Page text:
• Cardiac surgical procedures including cardiac device implantation
    • Recurrent fainting or collapse (syncope)
    • Unexplained loss of consciousness
    • Insulin treatment
    • Chronic lung disease with shortness of breath on exertion
    • Any neurological condition requiring medication
    • Seizures or epilepsy
    • Significant functional physical disability likely to impair safe operation of normal flight controls

    You must visit an AME and apply for a LAPL medical certificate.

    The legal bit…

    Under the Air Navigation Order (ANO) 2016 there is also a general requirement to not:

    • Suffer from any medical conditions,
    • Have had any surgery, or
    • Functional disability

    that might impair the safe operation of the aircraft. The ANO also allows the CAA to specify additional conditions, which listed under the heading 'To fly any aircraft less than 5700kg MTOM'.

    Completing the Pilot Medical Declaration

    The Pilot Medical Declaration is a free service and the form can only be completed and submitted online. Unfortunately postal applications cannot be accepted. The form is optimised for use with Internet Explorer or Acrobat Reader. Other browsers may work, but with limited functionality. More completion guidance and the Pilot Medical Declaration is at www.caa.co.uk/srg1210.

    Declaration validity

    If you have reason to believe you no longer meet the DVLA Group 1 ODL standard, or suffer from any of the specified medical conditions, you must withdraw the declaration by ticking the appropriate box and re-submitting the form.

    For minor and self-limiting conditions (for example colds, day-case procedures, minor musculoskeletal injuries etc) withdrawal of your declaration is not required. You should, however, not fly until you have fully recovered.

    After initially making the declaration it is valid (unless it is withdrawn for one of the reasons listed above) until the age of 70. After the age of 70, a new declaration must be submitted every three years.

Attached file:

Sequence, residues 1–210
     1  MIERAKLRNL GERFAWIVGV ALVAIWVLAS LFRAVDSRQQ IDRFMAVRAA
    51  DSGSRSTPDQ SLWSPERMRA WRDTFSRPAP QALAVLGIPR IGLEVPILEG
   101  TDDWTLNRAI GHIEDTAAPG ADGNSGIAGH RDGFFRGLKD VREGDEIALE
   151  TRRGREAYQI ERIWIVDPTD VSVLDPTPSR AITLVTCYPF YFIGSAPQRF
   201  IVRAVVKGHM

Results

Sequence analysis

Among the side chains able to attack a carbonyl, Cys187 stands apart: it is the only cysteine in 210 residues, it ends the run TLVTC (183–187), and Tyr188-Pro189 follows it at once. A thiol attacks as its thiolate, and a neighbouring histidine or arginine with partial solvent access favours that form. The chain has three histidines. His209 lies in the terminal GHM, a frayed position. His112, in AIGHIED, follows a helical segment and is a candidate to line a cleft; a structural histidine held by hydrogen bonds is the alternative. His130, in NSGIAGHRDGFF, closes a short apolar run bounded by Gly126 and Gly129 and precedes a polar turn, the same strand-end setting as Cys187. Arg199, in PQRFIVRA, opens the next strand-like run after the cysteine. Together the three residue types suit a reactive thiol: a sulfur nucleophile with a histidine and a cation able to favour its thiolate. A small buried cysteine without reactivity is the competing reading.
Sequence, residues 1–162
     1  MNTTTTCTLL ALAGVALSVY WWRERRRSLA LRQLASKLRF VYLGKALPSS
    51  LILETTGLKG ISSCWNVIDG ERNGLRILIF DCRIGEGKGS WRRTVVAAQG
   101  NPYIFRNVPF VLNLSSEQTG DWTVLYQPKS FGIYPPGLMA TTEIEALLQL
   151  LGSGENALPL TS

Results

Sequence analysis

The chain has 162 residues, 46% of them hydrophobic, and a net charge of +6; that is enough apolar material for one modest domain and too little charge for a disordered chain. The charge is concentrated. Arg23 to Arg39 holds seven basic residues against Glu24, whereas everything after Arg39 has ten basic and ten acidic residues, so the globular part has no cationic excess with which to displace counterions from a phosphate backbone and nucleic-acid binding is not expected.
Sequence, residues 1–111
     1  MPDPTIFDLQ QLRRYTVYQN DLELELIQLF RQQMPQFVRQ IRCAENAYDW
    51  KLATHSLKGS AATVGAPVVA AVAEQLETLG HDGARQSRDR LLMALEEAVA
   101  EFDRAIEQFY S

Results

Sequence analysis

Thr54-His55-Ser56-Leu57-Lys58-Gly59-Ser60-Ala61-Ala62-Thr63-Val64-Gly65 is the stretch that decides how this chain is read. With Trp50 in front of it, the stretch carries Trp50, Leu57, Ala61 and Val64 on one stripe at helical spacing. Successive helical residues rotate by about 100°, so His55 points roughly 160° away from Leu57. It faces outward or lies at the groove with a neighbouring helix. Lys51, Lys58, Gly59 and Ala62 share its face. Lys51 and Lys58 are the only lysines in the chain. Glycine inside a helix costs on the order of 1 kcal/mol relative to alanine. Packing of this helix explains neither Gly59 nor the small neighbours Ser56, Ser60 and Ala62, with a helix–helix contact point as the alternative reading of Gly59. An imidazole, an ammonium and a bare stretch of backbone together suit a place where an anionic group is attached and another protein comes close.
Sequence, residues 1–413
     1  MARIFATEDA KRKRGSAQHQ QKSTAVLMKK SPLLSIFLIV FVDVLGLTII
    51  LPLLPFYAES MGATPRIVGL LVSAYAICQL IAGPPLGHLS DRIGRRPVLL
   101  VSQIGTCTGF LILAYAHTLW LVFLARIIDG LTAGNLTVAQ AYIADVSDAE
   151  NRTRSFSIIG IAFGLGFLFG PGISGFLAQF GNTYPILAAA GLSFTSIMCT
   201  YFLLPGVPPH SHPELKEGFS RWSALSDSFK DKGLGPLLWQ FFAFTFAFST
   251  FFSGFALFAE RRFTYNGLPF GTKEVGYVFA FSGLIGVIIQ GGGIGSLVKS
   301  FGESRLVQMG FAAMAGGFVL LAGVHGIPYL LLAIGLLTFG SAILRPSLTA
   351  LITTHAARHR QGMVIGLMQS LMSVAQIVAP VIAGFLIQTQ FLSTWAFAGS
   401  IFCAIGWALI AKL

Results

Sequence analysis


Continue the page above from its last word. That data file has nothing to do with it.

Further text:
Existing NPPL Medical Declaration holders

    If you already have a Medical Declaration made under the previous NPPL system that is counter-signed by your GP (Article 73A of the ANO 2009) and made before 25 August 2016, you do not need to make another declaration until your current declaration has expired. If after 25th August you develop a medical condition as described above, you should cease flying and seek advice from your GP or an AME. Upon expiry of your NPPL medical declaration you must complete a declaration under the new system.

    Flying EASA Aircraft

    You cannot use a medical declaration to fly an aircraft that has an EASA certificate of airworthiness or permit to fly, unless you possess an EU Part-FCL PPL or an EU LAPL with an appropriate medical for that aircraft. EU Part-FLP PPL holders will need an EU Class 2 Medical Certificate. LAPL holders will need a LAPL medical certificate.

    There is an EU exemption that allows UK national licence holders to fly certain EASA aircraft until April 2018 that is limited to sailplanes, balloons and visual flight rules (VFR) flight in single engine piston aircraft no greater than 2000 kg MTOM with a maximum of 3 passengers.

    EU Part FCL PPL flying non-EASA aircraft

    UK-issued EU Part-FCL PPL holders may use the Medical Declaration to fly non-EASA aircraft within UK airspace.

    Which medical certificate declaration may I use for my licence?

    CAP1441 is a table setting out PPL Licence privileges, type of aircraft to be flown and medical requirements.